Summertime Tips for Teachers

“One important key to success is self-confidence, one important key to self-confidence is preparation.”

-Arthur Ashe

It’s summer, the time when educators can sit back, relax and take a break from the hectic school year. Any teacher will admit that although teaching is a challenge, it is more importantly a reward. The new year can sneak up on you quickly,and throw you back into stress mode while you try to stay in summer mode.

Adopting a few preparation techniques during the summer break will make a huge difference for you. I’m going to share a few I use in my own practice which might be helpful for you, along with some tips from a dear friend and colleague.

1. Planning is your Friend

I often plan each week what I will do during sessions with my clients. Naturally, unplanned challenges come up during sessions and as a mindful therapist, I know, it’s important to be able to improvise and make changes as the need arises. As a therapist, I believe regulation comes first: the child first feels calm and focused and next comes learning. My colleague Tirtza Katz, a Teacher of the Handicapped and Certified DIR Floortime specialist suggests to plan as many lessons as possible in the summer. This allows us to enhance the lessons as the school year grows closer, and gives us time to better support students and parents.


2. Enhance Unconventionally

Children pay more attention when we make things interesting. Schoolhouse Rock did best with those animated short and catchy songs that allowed children to learn AND sing along with them. I’ve found myself using interesting knickknacks to create OT games with great success, which incorporated a challenging and fun atmosphere. Check out this earlier blog post, where I discuss using spandex to create a ‘pulley’ activity. I created it using leftover scraps of spandex. The child and I each take a loop and pull to see who gets to the base first. It ended up being an excellent tool for body awareness. Try a dollar store, or the sale rack at your local store for cheap or sale items to use for your classroom. The ideas are endless!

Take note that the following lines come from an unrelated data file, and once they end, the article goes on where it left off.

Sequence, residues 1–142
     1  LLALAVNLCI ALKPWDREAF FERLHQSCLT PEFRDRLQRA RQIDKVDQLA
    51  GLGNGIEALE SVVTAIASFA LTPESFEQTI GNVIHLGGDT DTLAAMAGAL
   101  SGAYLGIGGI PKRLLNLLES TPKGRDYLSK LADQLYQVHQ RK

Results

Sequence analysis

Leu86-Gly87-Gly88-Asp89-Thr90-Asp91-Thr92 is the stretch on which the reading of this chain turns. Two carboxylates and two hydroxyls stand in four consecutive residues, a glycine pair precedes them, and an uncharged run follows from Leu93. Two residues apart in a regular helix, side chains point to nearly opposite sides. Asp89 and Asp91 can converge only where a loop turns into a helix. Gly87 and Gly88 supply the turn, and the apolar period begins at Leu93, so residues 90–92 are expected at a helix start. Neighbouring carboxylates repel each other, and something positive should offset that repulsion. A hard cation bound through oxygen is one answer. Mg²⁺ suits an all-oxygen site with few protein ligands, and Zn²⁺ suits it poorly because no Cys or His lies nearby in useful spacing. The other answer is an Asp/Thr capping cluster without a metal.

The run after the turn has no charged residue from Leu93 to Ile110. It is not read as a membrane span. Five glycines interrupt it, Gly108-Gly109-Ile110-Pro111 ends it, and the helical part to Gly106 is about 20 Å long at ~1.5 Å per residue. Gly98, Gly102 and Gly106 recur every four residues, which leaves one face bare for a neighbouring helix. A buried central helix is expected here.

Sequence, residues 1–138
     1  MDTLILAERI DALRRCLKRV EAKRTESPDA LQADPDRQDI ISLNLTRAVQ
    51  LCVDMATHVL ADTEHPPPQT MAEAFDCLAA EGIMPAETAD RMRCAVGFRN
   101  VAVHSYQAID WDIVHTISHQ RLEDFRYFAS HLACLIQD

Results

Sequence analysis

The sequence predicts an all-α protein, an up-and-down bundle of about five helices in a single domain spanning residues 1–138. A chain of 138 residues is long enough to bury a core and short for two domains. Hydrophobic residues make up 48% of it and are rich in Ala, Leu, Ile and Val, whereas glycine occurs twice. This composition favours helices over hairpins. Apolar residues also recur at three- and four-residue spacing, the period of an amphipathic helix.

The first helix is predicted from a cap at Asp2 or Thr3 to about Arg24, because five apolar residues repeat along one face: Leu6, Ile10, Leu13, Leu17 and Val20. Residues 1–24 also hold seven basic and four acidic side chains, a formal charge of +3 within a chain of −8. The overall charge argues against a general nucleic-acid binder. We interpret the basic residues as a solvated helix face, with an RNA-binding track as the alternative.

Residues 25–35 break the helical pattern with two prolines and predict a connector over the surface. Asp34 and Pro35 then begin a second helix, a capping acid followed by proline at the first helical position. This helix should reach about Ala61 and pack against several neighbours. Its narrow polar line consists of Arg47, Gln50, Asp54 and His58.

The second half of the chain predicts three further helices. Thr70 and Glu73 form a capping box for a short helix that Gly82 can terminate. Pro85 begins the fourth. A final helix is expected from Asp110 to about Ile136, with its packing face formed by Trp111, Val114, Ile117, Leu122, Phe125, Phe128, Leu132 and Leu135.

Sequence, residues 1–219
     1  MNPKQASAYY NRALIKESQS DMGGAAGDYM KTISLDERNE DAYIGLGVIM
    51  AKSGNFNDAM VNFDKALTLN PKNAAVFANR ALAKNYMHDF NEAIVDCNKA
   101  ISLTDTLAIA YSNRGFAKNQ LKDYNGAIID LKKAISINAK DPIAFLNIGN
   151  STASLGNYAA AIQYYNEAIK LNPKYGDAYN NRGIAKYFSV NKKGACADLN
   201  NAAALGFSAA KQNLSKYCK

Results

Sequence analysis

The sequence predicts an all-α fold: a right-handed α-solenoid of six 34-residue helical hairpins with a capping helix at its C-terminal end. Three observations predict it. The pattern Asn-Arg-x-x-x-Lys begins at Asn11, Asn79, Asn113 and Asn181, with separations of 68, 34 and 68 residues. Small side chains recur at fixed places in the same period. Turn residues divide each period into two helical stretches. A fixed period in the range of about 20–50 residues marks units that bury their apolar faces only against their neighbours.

3. You Teach (but you should learn and adapt, too!)

Check out workshops, classes or conferences that may be going on. I enjoy OT conferences I find throughout the year. There is always more to learn and these events can offer great information such as the chance to reach out with other practitioners and bounce ideas off one another. Rather than content yourself with basic lessons from years past, use experiences to help you add detail, change the format and most importantly… Don’t let yourself get stale!

4. Giving a Workshop Can Be Hard Work

The title is true, but that doesn’t mean it has to be stressful! Using an app like Keynote (available for iOS devices) or Power point on your computer makes the visual component very easy. This can allow a group of teachers to prepare together, and give each teacher information to be used. Tirtza suggests, to focus on areas you have noticed consistent lapses or gaps in your support staff, through the programs listed above. If you don’t have support staff, consider a teacher study group. Every member presents a workshop on their strength, which allows you to grow as a team.

5. Goal in One!

Set a professional goal for the year. This will help prevent you from staleness and focus you at the same time. Which areas seem promising for professional development? For example, you could take extra mentoring sessions to focus on coaching techniques with families or with staff. You could also shadow or observe a colleague teach summer classes. Tirtza and I agree this helped both of us tremendously in our respective fields. You may not realize it right away, but the little things you do every day adds up! Thinking and planning ahead helps you start with your best foot forward, for the best

school year possible!


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